The earliest figurative image known in the world, from the Micoquian of Oldisleben, Germany.
The earliest known engravings on portable objects of bone, ivory and stone occur in the Lower Palaeolithic, but just as rock art of this period, they are rare finds. They include five engraved bone fragments (see image above) from the Holstein interglacial, >250 000 BP, at Bilzingsleben, Germany (Mania and Mania 1988), as well as a quartzite slab with arcuate engraving and an engraved fragment of a polished ivory point from the same site (Bednarik 1995a); a scoria pebble with several deep, apparently anthropic grooves that underline the object’s shape of a female figure, Acheulian, >230 000 years, Berekhat Ram, Israel (Goren-Inbar 1986; Goren-Inbar and Peltz 1995; d’Errico and Nowell 2000); a human figurine of quartzitic sandstone, also of the Acheulian, 300 000 to 500 000 years old, Tan Tan, Morocco (Bednarik 2003); and a fragment of bone, probably of a horse, bearing ten cuts along its edge, from the Upper Acheulian of Sainte Anne I, at Polignac, Haute-Loire, France (Raynal and Séguy 1986; cf. Crémades 1996.).
The subsequent Middle Palaeolithic period (Middle Stone Age in sub-Saharan Africa) has yielded a considerably greater number of such finds. Bone fragments bearing engravings or serrations cut by stone tools are common, such as those from Schulen, Belgium (Huyge 1990); Bacho Kiro, Bulgaria (Marshack 1976); La Quina, France (Martin 1907-10; Marshack 1991); La Ferrassie, France (Capitan and Peyrony 1921; Marshack 1976); Tagliente shelter, Italy (Leonardi 1988); Cueva Morín, Spain (Freeman and Gonzalez Echegaray 1983); Taubach near Weimar, Germany (Kuckenburg 1997); Wyhlen near Lörrach, Germany (Kuckenburg 1996: 141, 1997); Abri Suard, Le Chaise-de-Vouthon, Charente, France (Duport 1960; Debénath and Duport 1971; Crémades 1996); Petit Puymoyen and Montgaudier (Débenath and Duport 1971; Crémades 1996); Peyrere 1 Cave, also called Noisetier Cave, near Arreau, Aure valley, France (d’Errico and Allard 1997); Prolom 2, Crimean peninsula (Stepanchuk 1993); Kebara Cave, Israel (Davis 1974); Klasies River Mouth, South Africa (Singer and Wymer 1982); Border Cave, Swaziland (Beaumont et al. 1978); and Apollo 11 Cave, Namibia (Wendt 1974). Similar engravings of the Middle Stone Age are known from three ostrich eggshell fragments in Dieplkloof Cave, South Africa. A notched fragment of antler comes from Grotte Vaufrey, France (Vincent 1988), and the Micoquian of Prolom 2 in Ukraine yielded an engraved horse canine (Stepanchuk 1993).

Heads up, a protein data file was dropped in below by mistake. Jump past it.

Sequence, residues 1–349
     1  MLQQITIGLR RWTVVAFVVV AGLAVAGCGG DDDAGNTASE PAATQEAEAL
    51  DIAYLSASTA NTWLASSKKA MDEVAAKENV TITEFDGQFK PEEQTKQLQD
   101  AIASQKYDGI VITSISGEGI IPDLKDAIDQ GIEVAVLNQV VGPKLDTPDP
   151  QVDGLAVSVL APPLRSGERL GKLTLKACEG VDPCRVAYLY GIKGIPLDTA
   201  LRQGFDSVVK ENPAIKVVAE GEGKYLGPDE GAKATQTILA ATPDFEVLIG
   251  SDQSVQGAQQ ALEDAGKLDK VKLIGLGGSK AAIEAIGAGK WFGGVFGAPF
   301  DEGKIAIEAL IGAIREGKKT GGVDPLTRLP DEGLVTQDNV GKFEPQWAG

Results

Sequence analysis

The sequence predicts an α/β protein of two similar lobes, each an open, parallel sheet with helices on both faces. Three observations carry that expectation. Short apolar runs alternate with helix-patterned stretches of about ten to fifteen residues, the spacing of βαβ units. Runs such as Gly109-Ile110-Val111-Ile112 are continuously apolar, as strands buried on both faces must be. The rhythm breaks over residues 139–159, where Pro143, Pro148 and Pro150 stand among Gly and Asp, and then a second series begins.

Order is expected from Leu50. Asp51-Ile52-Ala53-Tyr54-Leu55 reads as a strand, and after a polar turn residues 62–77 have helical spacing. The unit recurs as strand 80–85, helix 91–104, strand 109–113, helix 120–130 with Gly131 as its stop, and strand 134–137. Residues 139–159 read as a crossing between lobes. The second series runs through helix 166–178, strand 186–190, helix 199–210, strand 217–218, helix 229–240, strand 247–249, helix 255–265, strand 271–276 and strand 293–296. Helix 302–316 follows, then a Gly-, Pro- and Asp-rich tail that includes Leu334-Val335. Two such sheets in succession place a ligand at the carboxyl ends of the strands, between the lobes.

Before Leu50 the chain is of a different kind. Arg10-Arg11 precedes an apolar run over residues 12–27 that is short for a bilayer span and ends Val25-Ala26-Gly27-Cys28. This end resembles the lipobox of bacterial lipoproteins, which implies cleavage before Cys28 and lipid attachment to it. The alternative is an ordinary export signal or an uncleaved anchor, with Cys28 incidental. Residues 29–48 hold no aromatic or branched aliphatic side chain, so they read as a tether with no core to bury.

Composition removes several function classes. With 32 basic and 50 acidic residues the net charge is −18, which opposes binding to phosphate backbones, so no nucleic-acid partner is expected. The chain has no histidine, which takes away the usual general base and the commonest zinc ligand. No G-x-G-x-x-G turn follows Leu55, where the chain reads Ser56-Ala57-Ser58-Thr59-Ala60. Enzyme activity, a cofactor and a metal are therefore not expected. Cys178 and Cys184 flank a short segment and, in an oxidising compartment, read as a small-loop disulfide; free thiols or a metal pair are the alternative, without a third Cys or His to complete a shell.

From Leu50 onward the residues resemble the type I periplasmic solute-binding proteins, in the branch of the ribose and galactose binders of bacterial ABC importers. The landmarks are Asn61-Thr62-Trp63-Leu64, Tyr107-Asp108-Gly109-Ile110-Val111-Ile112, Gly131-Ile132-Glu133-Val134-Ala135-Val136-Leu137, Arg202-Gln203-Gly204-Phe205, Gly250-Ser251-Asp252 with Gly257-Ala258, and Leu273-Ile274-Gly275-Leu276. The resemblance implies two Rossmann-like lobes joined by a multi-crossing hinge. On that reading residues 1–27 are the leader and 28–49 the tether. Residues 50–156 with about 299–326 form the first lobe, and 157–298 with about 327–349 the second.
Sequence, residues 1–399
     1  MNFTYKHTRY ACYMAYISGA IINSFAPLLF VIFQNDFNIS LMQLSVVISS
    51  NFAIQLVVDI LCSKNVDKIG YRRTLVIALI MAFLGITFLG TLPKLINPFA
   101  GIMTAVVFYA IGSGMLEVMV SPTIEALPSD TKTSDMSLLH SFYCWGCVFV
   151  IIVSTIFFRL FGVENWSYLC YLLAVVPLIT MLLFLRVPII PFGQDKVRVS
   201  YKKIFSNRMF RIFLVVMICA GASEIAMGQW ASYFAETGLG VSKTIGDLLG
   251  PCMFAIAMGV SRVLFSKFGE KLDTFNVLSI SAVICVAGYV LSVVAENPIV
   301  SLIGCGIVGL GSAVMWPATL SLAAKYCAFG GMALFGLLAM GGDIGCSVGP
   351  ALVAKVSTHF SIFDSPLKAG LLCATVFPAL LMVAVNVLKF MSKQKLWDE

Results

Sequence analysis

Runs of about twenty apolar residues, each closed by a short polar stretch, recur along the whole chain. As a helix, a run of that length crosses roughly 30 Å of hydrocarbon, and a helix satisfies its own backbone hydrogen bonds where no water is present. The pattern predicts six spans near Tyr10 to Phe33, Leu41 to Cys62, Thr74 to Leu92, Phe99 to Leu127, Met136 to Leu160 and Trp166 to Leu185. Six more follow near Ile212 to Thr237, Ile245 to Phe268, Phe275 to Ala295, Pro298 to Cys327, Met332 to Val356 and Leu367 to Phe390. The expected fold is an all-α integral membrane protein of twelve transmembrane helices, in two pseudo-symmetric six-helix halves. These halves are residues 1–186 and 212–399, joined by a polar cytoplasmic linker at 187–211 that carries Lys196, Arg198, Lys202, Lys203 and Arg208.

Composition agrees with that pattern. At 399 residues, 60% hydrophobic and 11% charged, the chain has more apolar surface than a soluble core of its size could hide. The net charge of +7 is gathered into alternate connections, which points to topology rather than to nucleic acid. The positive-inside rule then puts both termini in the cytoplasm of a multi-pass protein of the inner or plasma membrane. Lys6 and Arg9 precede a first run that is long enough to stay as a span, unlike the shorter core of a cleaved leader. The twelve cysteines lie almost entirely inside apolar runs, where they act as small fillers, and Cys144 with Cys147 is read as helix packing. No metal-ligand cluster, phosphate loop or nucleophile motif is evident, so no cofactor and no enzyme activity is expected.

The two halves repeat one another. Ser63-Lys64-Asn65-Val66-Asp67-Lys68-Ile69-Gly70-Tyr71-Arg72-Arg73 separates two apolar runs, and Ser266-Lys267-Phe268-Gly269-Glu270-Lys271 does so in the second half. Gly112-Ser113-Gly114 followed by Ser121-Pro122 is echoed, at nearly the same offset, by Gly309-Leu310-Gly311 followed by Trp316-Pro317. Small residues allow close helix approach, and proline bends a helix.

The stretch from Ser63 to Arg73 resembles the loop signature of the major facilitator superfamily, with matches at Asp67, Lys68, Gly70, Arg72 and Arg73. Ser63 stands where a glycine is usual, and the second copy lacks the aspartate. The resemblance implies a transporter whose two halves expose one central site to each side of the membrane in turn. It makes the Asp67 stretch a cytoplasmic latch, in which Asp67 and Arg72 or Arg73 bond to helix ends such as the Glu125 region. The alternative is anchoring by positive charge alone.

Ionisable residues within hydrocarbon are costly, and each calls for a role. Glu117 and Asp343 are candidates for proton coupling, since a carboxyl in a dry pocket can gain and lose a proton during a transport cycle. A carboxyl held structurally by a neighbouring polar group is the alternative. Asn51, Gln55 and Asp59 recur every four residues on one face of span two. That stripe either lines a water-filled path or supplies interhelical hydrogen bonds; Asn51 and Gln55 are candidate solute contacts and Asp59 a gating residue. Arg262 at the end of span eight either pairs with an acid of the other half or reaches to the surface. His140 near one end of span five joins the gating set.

Middle Palaeolithic engravings are also known from several stone objects, including stone tools: from Temnata Cave near Karlukovo, Bulgaria (Crémades et al. 1995); Grotta dell’Alto, Italy (Leonardi 1988); Tagliente and Solinas shelters (Leonardi 1988); Tata, Hungary (Bednarik 1995a); Quneitra, Israel (Goren-Inbar 1990; Marshack 1996); and Qafzeh Cave, Israel (Hovers et al. 1997). With so many pre-Upper Palaeolithic engravings now known, it is possible to formulate the first generalising propositions about early art systems (Bednarik 1984, 1990c; Hodgson 2000), and it is salient that these differ most significantly from the dominant models traditional archaeology has produced over the past century or more. Combined with the careful application of taphonomic logic these revisionary theories promise to review the history of human cognitive evolution. It is important to appreciate that, in addressing entrenched misconceptions about the human past — which certainly exist widely in orthodox archaeology — palaeoart science needs to be radical and persistent (Bednarik 2001a). The evidence provided by palaeoart clearly refutes the most widely held views about art origins, and this needs to be pursued effectively.
R. G. Bednarik, 2002